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Inside Yoshinobu Yamamoto’s MLB transition, which continued in Dodgers’ win over Cubs

Dodgers starting pitcher Yoshinobu Yamamoto delivers during the first inning against the Chicago Cubs.
Dodgers starting pitcher Yoshinobu Yamamoto delivers during the first inning of a 4-1 win over the Chicago Cubs at Wrigley Field on Saturday.
(Paul Beaty / Associated Press)
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In his first taste of the major leagues, Yoshinobu Yamamoto crumbled.

But on Saturday at Wrigley Field, staring down the barrel of a couple of early bases-loaded jams, the young star Japanese pitcher coolly, calmly and confidently refused to cave.

After signing his record-breaking $325 million contract this offseason — the largest in MLB history for a pitcher not named Shohei Ohtani — Yamamoto’s transition to the big leagues wasn’t exactly seamless.

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When coupled with all of the other challenges that come with uprooting one’s life and moving to a foreign country 6,000 miles away, Yamamoto didn’t always look settled.

Some days, he wore a nervous expression in front of reporters. Others, he simply seemed out-of-sync on the mound.

Ambar Roman and her husband felt pressured by the Dodgers to give up the Shohei Ohtani home run ball she caught. ‘I feel like the Dodgers took advantage of us.’

April 5, 2024

Some evaluators around the industry started wondering how long it might take for him to fully adjust to his new team, league and surroundings with the Dodgers.

Internally, concern among Dodgers officials never spiked. But their high-priced acquisition wasn’t looking as advertised, either.

“The ultimate goal right now is to just get him comfortable,” assistant pitching coach Connor McGuiness said last week. “Get him the right routine.”

Two starts later, both boxes appear to be checked.

After spinning five scoreless innings at Chavez Ravine last weekend, Yamamoto did the same Saturday’s against the Chicago Cubs, striking out eight batters while leaving six others stranded in the Dodgers’ eventual 4-1 win.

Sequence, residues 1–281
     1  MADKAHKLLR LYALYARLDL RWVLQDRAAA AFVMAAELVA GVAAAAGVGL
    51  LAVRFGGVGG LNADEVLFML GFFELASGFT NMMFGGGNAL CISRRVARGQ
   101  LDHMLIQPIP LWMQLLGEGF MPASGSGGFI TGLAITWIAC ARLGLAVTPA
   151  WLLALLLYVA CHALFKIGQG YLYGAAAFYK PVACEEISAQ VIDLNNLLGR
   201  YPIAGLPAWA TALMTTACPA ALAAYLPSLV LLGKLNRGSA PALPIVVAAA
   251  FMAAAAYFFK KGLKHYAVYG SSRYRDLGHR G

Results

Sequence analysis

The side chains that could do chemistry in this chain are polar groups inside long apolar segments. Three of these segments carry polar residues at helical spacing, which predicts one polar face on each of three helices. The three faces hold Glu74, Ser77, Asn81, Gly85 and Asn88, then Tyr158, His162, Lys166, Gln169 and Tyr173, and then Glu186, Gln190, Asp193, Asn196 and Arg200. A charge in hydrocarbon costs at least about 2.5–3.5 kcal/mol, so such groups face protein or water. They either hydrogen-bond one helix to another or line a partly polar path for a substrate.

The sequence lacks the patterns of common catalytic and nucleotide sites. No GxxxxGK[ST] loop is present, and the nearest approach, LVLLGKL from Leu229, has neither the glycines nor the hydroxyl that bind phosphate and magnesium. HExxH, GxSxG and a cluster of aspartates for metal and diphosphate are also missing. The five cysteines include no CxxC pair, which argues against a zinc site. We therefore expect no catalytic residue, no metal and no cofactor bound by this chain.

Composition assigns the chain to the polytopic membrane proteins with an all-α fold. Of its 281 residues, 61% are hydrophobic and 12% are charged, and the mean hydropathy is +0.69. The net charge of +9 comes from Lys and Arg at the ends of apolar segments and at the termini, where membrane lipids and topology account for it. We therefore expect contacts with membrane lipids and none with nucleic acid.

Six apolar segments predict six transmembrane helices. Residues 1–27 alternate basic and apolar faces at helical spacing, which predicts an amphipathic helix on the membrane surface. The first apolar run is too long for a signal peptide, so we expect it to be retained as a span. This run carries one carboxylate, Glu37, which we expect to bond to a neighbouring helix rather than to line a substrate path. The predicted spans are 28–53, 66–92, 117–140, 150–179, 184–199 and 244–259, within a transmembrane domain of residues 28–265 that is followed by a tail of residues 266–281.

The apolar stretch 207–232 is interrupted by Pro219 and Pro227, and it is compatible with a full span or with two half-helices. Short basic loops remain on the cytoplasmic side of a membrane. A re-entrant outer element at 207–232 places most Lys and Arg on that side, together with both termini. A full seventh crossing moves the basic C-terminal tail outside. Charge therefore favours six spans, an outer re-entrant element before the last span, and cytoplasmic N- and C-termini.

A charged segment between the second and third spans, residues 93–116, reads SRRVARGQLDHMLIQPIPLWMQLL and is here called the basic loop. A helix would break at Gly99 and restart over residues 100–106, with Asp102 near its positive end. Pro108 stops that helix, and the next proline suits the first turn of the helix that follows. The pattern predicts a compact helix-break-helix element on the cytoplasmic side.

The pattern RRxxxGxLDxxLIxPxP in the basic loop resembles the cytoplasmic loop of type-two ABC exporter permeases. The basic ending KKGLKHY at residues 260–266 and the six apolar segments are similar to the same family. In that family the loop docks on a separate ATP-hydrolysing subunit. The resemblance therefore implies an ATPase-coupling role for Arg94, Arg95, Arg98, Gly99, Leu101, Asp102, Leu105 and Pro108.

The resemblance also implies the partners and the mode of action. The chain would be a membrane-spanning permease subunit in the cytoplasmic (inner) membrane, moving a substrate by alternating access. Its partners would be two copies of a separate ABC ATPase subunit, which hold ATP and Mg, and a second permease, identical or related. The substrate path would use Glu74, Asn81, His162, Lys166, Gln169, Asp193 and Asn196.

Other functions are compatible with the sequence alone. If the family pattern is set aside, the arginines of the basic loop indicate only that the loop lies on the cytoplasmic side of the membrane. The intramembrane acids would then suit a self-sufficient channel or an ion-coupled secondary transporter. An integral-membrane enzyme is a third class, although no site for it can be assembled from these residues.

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If the first outing was a sigh of relief for the organization, the latter was something much more meaningful — a rousing reminder of why they invested more than $375 million (when including Yamamoto’s posting fee) to lock him up for the next 12 years.

The roots of Yoshinobu Yamamoto’s success? The choice to defy convention and be willing to adapt even at an early stage of his career with the Orix Buffaloes.

March 15, 2024

“He just didn’t want a repeat of Seoul,” manager Dave Roberts said proudly postgame, contrasting Saturday’s effort with the five-run, one-inning dud Yamamoto endured in South Korea to start his rookie season. “You could see it.”

In the top of the first, the Cubs’ three leadoff hitters reached on a double, walk and ground-ball single on the infield. Thirteen pitches into the game, pitching coach Mark Prior (and interpreter Will Ireton) were already out for a mound visit.

But then, in an alternate ending to Yamamoto’s implosion in Korea, the 25-year-old right-hander dug deep, and started racking up outs.

Christopher Morel was the first victim, waving at three Yamamoto curveballs Roberts described pregame as being “as good as any right-handed curveball” he can remember (Clayton Kershaw is still the king of left-handed curves, the manager noted with a grin).

Dansby Swanson went down next, even after working a 3-and-0 count. He whiffed on two center-cut fastballs that exploded through the zone. Then, he took a third straight 97-mph heater that was painted on the inside black.

When the inning ended on a called strikeout — this time, Michael Busch went down looking on a generously called outside curveball — Yamamoto didn’t offer much reaction, other than a brief, instinctual scream as he walked off the rubber.

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When the script repeated itself an inning later — the Cubs loaded the bases with two outs in the second on a double, walk and error by Max Muncy, only to strand them all again on another curveball Yamamoto grooved for a called third strike — the pitcher was even more understated.

One quick glare back toward the plate. A casual stroll returning to the dugout. Then, nine more consecutive outs to finish his 80-pitch display.

“Just with how those first couple innings started, to be able to get him through five innings … was big,” Roberts said, noting that Yamamoto was on a rough 85-pitch limit after failing to surpass 70 in his first two appearances. “Just being mindful of that, I thought he was fantastic.”

Thanks to a three-run rally from the Dodgers in the fifth — Muncy followed a run-scoring wild pitch with a two-run single off the right-field wall — Yamamoto checked another box Saturday, earning his first win as a major league pitcher.